Buying your first or even second home can be a daunting task - there are tons of things to consider, questions to ask and scenarios to prepare for.
One of the biggest questions for buyers is how much they should be putting down. While many homebuyers, if they could do it over would make a bigger down payment, there’s a bit of a catch 22 to Toronto/GTA buyers. Since home values are increasing so quickly, prices have been outpacing how much people can save in a year.
Whether you’re putting the minimum 5% down or looking to make a bigger down payment, many overlook some key points like budgeting for ongoing costs like inspections, land transfer taxes and possible upgrades or renovations. These are all things that good agents should be explaining and sharing with you right from the start.
Since there’s no do-overs in life, I thought I’d put together a few tips when preparing to buy your next home - a checklist that can make the experience a whole lot more enjoyable and save you future headaches.
1. Budget First: put together a complete budget before you even start looking. Create a spreadsheet with current bills, expenses and debts. Then start playing “what if” - you know you need to pay for your phone, groceries, entertainment, internet etc., but what happens when you introduce monthly mortgage and maintenance fees? Don't forget to add in a miscellaneous area for unknown costs because something will come up you didn't expect. This will give you a good sense of what your financial situation will be like and what you can truly afford.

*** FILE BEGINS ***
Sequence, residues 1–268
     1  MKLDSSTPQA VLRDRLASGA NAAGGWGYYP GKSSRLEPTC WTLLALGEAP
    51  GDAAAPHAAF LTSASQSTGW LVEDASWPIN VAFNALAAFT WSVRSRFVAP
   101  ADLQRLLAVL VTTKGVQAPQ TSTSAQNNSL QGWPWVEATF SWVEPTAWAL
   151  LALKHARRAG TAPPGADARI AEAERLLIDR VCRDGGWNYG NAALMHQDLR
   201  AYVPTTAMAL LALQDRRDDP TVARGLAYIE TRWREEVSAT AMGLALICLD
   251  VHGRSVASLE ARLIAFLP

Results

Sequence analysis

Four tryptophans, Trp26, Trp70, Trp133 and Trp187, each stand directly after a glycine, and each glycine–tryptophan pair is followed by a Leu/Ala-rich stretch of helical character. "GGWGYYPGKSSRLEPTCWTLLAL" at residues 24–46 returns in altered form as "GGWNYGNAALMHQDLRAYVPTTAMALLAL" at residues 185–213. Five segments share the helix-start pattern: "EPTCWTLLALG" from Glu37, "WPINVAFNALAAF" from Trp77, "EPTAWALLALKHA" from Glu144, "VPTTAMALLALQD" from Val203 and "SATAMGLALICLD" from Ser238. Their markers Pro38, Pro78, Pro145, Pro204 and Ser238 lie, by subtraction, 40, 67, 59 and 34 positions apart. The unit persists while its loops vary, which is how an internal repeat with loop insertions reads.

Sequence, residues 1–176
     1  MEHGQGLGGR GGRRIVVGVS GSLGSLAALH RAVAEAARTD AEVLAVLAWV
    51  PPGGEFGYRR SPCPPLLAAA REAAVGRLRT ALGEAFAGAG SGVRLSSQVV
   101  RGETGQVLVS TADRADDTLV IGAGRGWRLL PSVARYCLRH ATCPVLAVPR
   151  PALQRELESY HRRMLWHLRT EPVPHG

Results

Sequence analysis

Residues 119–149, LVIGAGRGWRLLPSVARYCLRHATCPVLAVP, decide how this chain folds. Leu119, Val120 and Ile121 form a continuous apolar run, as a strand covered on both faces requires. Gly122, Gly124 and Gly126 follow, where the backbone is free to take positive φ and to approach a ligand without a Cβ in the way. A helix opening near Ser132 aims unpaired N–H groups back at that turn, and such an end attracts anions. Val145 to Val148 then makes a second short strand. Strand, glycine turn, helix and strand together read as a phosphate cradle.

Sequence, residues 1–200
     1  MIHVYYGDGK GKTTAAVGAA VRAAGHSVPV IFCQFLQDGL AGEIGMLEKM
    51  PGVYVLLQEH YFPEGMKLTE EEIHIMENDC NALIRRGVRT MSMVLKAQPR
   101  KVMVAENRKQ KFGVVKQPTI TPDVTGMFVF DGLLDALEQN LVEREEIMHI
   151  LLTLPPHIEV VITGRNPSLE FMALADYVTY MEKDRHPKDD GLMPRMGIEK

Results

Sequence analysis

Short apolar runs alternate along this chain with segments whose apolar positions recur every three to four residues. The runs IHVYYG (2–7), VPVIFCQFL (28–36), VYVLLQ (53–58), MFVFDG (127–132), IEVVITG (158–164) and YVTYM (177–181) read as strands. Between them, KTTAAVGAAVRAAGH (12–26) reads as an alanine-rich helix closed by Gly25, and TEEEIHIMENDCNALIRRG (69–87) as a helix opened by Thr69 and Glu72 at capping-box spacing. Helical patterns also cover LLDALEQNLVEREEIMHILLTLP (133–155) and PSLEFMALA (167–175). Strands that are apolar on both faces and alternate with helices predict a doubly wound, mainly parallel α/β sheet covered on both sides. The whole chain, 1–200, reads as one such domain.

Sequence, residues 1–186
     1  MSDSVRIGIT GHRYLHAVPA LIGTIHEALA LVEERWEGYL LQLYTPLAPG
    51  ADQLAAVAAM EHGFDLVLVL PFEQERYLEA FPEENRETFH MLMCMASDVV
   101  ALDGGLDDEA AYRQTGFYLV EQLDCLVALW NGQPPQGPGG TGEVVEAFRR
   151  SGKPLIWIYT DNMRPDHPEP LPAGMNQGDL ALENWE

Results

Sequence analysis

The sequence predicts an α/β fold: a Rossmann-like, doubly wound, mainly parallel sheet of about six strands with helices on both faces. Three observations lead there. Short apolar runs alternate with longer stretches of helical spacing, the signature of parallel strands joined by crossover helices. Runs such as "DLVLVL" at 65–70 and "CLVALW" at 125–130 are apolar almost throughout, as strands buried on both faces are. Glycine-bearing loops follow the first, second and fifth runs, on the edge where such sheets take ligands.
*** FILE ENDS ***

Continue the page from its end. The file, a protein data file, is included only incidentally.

2. Educate Yourself: home ownership doesn’t just stop when the deal closes - that’s when the real work starts. Put together a complete breakdown of what each month requires, from the day you sign the papers to a year down the road. This includes lawyer fees, land transfers, maintenance costs, mortgage payments, repairs and other utilities. Always round up and for housing budgets; add an additional 1% of the value of the home for regular home maintenance each year. If your home is going to cost you $400,000 it should cost you approximately $4000 per year for “STUFF” especially the first year for first time buyers who don’t have all the tools and supplies to maintain a home.
3. Now vs. Later: while many said they would rather buy earlier, a lot of respondents said they would put a bigger down payment if they could go back in time. Before rushing into home ownership, weigh the pros and cons of buying now versus two or three years from now. Would renting for another two years let you buy a nicer place, with a smaller mortgage and no CMHC insurance costs?
Here’s that catch 22 again. If your able to save 10% of your take home income each year for the deposit are you REALLY going to be able to get ahead?
For example, if a couple makes a combined income of $160k a year. After taxes of 30% and savings of 10% of net you’ve saved $11,200 but the average increase in value for a home in Toronto has been 5% per year over the last 10 years. So a $400k home with even a 4% increase is $16k more than it was a year ago.
If you can’t save more then 4-5% of the value of the home in a year its historical been better to buy as soon as you can.
4. Think of the Investment: many people forget that buying a home is an investment. Let’s say you put a $40,000 (10%) down on a $400,000 home. When the value of the home goes up even 3%, you’ve increased your value by $12K. With a 3% interest rate, you would have paid $755 more in interest then you did off the principle the first year and your STILL up $11K+.
Now, subtract that $4,000 in “STUFF” costs – that brings you to $7,000, which means you would have had to make a 17.5% return on that $40,000 to give you the return you’re house just produced.
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